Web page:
This article needs to be updated.(March 2018)
|Industry||Oil and gas|
|Maj. Gen. Manuel Quevedo, President|
|Products||Fuel, natural gas and other petrochemicals|
|Revenue||$48.0 billion (2016)|
|$828 million (2016)|
|Total assets||$189.7 billion (2016)|
|Owner||Government of Venezuela|
Electricidad de Caracas, C.A. (93.62%)
Petróleos de Venezuela, S.A. (PDVSA, Spanish pronunciation: [peðeˈβesa]) (Petroleum of Venezuela) is the Venezuelan state-owned oil and natural gas company. It has activities in exploration, production, refining and exporting oil, as well as exploration and production of natural gas. Since its founding on 1 January 1976 with the nationalization of the Venezuelan oil industry, PDVSA has dominated the oil industry of Venezuela, the world's fifth largest oil exporter.
Oil reserves in Venezuela are the largest in the world, and the state-owned PDVSA provides the government of Venezuela with substantial funding resources. Following the Bolivarian Revolution, PDVSA was mainly used as a political tool of the government. Between 2004 and 2010 PDVSA contributed $61.4 billion to the government's social development projects, with around half of this went directly to various Bolivarian Missions while the remainder distributed via the National Development Fund. Profits were also used to assist the presidency, with funds directed towards allies of the Venezuelan government.
With PDVSA focusing on political projects instead of oil production, mechanical and technical statuses deteriorated while employee expertise was removed following thousands of politically-motivated firings. Incompetence within the company has led to serious inefficiencies and accidents, as well as endemic corruption. As a result, thousands of workers have abandoned their work for PDVSA, especially after the PDVSA was put under military control.
- 1 Reserves and capacity
- 2 Politicization
- 3 History
- 4 Safety
- 5 Organization
- 6 Overseas assets
- 7 See also
- 8 Notes
- 9 External links
Reserves and capacity
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Venezuela has 77.5 billion barrels (1.232×1010 m3) of conventional oil reserves according to PDVSA figures, the largest in the Western Hemisphere and making up approximately half the total. This puts Venezuela as fifth in the world in proven reserves of conventional oil. By also including an estimated 235 billion barrels (3.74×1010 m3) of tar-like extra heavy crude oil in the Orinoco Belt region, Venezuela claims to hold the largest hydrocarbon reserves in the world. Venezuela also has 150 trillion cubic feet (4.2×1012 m3) of natural gas reserves.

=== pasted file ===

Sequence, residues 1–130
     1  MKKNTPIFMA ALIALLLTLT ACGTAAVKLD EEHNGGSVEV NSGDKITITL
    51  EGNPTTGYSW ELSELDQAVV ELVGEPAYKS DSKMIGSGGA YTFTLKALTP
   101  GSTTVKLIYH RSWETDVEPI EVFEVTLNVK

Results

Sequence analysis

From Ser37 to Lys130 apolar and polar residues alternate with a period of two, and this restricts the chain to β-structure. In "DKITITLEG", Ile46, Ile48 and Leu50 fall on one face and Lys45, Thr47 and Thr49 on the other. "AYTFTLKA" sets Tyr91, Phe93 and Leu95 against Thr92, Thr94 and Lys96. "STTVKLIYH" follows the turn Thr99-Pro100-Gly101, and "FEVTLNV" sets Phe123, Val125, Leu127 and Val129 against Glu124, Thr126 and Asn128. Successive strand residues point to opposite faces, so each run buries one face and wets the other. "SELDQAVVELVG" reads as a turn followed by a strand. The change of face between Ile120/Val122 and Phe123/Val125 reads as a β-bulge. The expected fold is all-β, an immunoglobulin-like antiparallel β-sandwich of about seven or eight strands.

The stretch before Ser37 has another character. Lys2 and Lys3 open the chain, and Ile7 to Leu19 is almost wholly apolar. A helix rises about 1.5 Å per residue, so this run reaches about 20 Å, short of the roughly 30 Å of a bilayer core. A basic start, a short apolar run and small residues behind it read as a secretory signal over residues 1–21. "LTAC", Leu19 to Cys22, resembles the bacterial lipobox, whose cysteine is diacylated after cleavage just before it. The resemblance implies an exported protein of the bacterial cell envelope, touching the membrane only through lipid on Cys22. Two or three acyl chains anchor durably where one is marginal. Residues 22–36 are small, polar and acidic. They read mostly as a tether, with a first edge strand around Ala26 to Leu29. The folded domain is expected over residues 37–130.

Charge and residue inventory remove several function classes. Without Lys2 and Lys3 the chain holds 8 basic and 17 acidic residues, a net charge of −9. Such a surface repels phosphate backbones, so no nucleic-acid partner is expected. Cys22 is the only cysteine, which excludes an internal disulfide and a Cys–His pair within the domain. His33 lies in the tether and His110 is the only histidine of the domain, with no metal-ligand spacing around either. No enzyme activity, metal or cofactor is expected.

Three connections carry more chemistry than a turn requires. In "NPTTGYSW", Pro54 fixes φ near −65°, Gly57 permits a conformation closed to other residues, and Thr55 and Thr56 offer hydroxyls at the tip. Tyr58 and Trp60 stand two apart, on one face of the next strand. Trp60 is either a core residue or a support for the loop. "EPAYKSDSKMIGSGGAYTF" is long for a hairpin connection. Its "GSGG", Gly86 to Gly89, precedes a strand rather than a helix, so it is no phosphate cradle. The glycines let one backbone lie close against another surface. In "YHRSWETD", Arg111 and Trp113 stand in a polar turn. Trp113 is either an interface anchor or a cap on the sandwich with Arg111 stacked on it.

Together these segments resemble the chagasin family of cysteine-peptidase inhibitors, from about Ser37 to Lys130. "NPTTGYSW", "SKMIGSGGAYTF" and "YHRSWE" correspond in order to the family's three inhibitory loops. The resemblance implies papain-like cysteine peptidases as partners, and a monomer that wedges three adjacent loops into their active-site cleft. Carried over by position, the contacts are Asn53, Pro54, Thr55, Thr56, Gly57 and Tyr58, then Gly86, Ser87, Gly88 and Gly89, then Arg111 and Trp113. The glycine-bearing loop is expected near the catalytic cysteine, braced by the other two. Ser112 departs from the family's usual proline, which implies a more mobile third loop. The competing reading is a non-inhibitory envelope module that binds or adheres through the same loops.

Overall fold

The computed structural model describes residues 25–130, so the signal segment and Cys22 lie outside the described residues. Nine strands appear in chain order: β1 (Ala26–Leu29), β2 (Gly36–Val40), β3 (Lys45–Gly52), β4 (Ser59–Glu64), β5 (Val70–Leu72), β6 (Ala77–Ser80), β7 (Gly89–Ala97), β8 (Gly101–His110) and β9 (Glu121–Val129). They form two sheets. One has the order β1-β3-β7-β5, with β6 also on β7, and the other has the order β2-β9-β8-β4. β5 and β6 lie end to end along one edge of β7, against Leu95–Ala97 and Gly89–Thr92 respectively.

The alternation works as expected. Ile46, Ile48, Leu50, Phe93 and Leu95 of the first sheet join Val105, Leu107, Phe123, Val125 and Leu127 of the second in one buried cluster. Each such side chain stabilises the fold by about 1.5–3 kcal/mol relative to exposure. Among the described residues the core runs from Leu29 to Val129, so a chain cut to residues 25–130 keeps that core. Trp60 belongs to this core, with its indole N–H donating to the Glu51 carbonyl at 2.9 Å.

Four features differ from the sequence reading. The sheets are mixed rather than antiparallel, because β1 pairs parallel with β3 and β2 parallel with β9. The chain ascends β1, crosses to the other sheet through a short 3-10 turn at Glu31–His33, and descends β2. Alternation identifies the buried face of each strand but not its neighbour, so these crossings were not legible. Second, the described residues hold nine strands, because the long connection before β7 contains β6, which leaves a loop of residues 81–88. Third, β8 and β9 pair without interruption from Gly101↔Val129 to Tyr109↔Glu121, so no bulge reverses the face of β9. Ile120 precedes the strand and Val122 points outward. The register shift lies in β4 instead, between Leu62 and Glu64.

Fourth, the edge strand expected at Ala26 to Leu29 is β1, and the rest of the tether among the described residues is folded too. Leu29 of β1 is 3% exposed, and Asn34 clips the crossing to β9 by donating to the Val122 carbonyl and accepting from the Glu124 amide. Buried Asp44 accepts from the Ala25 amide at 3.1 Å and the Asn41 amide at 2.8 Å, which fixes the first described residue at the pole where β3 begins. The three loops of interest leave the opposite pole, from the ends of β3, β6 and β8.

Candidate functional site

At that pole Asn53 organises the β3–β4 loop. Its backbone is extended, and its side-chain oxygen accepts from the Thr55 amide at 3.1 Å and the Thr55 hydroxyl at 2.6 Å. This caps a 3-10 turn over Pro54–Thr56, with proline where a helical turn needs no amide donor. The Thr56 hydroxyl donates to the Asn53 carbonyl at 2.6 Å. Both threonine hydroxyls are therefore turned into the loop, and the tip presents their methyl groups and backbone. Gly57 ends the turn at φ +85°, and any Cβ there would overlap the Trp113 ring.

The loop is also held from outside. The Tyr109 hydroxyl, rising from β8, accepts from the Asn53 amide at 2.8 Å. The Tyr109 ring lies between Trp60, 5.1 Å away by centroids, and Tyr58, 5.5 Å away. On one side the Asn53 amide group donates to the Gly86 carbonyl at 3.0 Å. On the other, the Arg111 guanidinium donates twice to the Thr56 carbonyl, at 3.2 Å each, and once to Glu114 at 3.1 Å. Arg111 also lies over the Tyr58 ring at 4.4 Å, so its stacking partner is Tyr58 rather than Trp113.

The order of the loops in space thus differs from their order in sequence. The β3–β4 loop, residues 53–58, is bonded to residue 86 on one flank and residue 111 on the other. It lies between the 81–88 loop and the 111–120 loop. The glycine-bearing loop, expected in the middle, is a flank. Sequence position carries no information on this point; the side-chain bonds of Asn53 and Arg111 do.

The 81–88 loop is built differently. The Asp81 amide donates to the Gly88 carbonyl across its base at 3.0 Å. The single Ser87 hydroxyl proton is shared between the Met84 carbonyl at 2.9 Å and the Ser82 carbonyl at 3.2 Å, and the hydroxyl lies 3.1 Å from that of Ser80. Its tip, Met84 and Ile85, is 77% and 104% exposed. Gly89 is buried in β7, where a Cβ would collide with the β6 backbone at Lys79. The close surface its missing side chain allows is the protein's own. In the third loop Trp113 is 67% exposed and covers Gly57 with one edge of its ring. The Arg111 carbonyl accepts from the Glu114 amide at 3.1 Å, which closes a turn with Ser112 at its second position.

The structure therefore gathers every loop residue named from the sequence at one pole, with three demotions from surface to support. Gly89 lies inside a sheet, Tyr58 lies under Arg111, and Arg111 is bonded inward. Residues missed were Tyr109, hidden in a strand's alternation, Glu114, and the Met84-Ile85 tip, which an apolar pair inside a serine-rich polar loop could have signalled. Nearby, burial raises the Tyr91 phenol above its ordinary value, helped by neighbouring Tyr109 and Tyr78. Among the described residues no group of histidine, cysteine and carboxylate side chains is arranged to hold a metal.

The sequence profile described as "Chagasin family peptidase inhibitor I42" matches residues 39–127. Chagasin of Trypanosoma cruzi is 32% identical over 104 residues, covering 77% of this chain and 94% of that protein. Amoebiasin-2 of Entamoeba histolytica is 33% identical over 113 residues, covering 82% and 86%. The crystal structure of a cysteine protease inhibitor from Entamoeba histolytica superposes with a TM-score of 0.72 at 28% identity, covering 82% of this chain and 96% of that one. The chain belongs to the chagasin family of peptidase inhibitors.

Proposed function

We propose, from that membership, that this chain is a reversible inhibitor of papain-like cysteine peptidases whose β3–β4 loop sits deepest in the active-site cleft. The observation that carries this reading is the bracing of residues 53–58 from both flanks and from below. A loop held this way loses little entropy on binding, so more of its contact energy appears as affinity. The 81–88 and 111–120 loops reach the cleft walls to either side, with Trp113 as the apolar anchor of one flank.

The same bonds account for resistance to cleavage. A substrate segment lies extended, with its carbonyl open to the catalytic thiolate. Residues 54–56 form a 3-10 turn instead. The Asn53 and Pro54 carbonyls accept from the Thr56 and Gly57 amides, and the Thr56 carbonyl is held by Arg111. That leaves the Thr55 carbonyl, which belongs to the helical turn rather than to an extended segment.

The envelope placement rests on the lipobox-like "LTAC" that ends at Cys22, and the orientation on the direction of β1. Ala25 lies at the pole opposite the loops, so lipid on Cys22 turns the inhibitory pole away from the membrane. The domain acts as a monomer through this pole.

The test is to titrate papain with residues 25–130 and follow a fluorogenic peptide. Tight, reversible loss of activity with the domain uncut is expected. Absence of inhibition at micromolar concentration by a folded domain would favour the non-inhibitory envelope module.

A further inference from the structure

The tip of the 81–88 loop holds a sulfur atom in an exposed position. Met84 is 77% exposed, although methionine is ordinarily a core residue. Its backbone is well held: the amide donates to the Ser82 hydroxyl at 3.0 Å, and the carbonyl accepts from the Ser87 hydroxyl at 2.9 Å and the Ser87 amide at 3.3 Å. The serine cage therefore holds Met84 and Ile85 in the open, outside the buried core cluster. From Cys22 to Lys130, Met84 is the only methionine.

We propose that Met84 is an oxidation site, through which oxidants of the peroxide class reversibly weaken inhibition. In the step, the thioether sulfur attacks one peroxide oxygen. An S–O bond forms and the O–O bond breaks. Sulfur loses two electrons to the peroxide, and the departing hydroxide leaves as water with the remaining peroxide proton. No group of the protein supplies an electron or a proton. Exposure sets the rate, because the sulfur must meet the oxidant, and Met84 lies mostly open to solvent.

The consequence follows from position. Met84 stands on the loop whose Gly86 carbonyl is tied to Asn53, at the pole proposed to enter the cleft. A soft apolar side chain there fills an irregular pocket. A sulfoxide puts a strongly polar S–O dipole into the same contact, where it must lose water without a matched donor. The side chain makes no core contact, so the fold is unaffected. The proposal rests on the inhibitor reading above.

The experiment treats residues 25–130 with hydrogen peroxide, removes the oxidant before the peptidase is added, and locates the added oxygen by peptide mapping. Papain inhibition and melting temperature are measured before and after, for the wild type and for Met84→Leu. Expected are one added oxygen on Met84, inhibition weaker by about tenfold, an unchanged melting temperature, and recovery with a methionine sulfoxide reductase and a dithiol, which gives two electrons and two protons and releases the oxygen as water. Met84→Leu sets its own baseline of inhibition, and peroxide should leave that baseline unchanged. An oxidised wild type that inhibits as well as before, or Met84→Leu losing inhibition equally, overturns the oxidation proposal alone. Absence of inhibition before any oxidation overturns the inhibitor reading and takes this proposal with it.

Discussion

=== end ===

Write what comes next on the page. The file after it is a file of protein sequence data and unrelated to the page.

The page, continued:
PDVSA has a production capacity, including the strategic associations and operating agreements, of 4 million barrels (640,000 m3) per day (600,000 m³). Officials say production is around 3.3 million barrels per day (520,000 m3/d) although most secondary sources such as OPEC and the EIA put Venezuela's output at least 500,000 barrels per day (79,000 m3/d) lower.
The organization's payroll tripled during the presidency of Hugo Chavez. Oil production fell steeply, a drop of 700,000 barrels per day. Soaring oil prices beginning in 2002 and peaked in 2008 at $147 per barrel.
In 2006, Rafael Ramírez, the energy minister, gave PDVSA workers a choice: Support President Hugo Chávez, or lose their jobs. The minister also said: "PDVSA is red [the color identified with Chávez's political party], red from top to bottom". Chávez defended Ramírez, saying that public workers should back the "revolution". He added that "PDVSA's workers are with this revolution, and those who aren't should go somewhere else. Go to Miami".
PDVSA continues to hire only supporters of the president, and PDVSA revenue is used to fund political projects.
Under the presidency of Carlos Andrés Pérez, whose economic plan, "La Gran Venezuela", called for the nationalization of the oil industry, Venezuela officially nationalized its oil industry on 1 January 1976 at the site of Zumaque oilwell 1 (Mene Grande). This was the birth of Petróleos de Venezuela S.A. (PDVSA). All foreign oil companies that once did business in Venezuela were replaced by Venezuelan companies. Each of the former concessionaires was simply substituted by a new 'national' oil company, which maintained the structures and functions of its multi-national corporation (MNC)-predecessor.